MOUNTING TIP: Nesting boxes are best mounted on electrical conduit or galvanized pipe, that raccoons, house cats and other predators cannot readily climb. These are available at most hardware stores, are inexpensive, and can simply be pounded into the ground anywhere you like. For a more secure mount, you can first drive a 5′ section of rebar (inexpensive rod for reinforcing concrete) 2.5′ to 3′ into the ground, then slide the electrical conduit over this rod. Several different predator guards can be attached to the conduit or pipe for added protection from predators.

Wooden fence posts are sometimes used but only for those areas with no predator problems. I used to mount mine by drilling two 1/8″ holes vertically   in the back of the house, then attach to fence posts using 2″ speed screws (drywall or deck screws). Many houses can be easily mounted this way using a cordless drill. Sometimes, if fenceposts are short, I will place the house on top of the post and use a 2″ X 18″ piece of wood, securing this to the back of the house and the fencepost. Existing wooden fence posts are certainly tempting to use for (our) convenience, but for the wellfare of nesting birds, I would now recommend the conduit or pipe installation.

Another question for house placement is; how far apart should the houses be mounted? I’ve varied this distance considerably over the years with no consistent conclusion. Some people mount boxes in pairs to minimize competition, so bluebirds and tree swallows, for example, can share the same territory without bickering over a single nesting site. This sometimes works, but I’ve had aggressive male bluebirds (an exception to the rule) that not only defended their own house but would not allow any other birds to nest in another house 30 feet away.

According to the North American Bluebird Society: “pairing boxes 5-15′ apart for tree swallows and bluebirds to cohabitate. One research study shows that tree swallows will not nest closer than 7′ together, so placing boxes under 7′ from each other will normally eliminate two pairs of tree swallows nesting together. Paired boxes or single boxes must be placed at least 300′ apart since bluebirds are very territorial. Placing them closer is shown to actually REDUCE the number of bluebirds nesting at that site because of territory requirements.”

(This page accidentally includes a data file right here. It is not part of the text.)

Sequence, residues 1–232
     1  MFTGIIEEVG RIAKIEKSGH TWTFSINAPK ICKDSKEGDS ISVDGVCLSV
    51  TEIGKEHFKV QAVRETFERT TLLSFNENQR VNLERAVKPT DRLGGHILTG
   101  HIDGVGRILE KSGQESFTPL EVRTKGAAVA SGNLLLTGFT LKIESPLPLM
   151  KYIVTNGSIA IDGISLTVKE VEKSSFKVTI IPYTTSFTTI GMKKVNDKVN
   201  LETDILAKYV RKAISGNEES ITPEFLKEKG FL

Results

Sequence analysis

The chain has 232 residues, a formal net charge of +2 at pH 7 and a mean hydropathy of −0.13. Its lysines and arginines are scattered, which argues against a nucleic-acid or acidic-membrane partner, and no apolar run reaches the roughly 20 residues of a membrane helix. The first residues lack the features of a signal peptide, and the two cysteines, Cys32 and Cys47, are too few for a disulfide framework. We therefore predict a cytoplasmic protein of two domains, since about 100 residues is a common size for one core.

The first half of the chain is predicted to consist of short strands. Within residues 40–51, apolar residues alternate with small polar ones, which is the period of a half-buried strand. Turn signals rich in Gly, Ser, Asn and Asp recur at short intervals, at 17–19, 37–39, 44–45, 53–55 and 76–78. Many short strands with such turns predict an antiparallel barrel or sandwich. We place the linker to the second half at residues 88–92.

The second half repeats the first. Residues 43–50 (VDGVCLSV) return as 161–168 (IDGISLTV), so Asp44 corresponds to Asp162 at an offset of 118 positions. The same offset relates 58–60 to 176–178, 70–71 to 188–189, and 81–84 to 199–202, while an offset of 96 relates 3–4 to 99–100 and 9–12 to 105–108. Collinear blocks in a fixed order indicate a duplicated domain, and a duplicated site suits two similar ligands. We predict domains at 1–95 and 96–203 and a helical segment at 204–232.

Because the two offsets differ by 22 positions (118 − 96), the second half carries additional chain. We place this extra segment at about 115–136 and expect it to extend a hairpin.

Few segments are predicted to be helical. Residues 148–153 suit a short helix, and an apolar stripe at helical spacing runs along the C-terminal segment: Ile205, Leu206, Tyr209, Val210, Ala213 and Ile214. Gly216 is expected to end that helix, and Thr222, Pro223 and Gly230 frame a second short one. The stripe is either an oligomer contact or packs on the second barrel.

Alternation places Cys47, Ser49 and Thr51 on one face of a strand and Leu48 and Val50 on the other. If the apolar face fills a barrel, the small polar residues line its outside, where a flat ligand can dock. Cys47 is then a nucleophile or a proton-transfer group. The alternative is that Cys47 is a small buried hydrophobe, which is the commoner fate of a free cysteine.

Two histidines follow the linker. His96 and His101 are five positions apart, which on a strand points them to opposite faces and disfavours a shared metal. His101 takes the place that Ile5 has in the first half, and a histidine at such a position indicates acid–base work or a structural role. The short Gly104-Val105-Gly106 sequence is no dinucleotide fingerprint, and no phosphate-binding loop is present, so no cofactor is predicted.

~~ Monitoring A Bluebird Trail ~~

What is a bluebird trail? Almost any amount of nesting boxes mounted in a given area can be called a bluebird trail. A trail can consist of just a couple of boxes or hundreds of them, depending on your interest and preferences. Generally (if more than a couple) they are mounted in a line or along a fenceline where you will travel this “trail” many times through the course of the nesting season, checking activity. You could even set them out in a circlular fashion to enable you to start and end your walk where you park your vehicle.

OK, what is monitoring, anyway? In birding circles, people who maintain nest box trails generally like to keep records of any activity along the trail. As an example, if you know the date when the eggs in a certain house were laid, you will then have an idea of when to expect them to hatch and also when the nestlings will likely fledge (leave the nest). After some experience and by keeping track of nest building activity, you will eventually be able to tell what kind of birds are using a house by the material found in the box when the birds are not seen in the area. Keep a log by date and simply write down anything new that is found each time you visit. You may want to keep track of the type of material and when the nest was completed, date and number of eggs laid, when and how many hatch and the date and number of young that actually leave the nest.

How often should a trail be monitored? Plan to monitor your bluebird trail as often as you can. Usually a weekly visit is enough to gather information on when nests are built, eggs are laid/hatched and dates when young leave the nest. Not only will the birds need your assistance at times, but if you take some time to just observe the birds along your trail, you will be rewarded with endless hours of entertainment. With that discovery, you will probably find yourself visiting more frequently.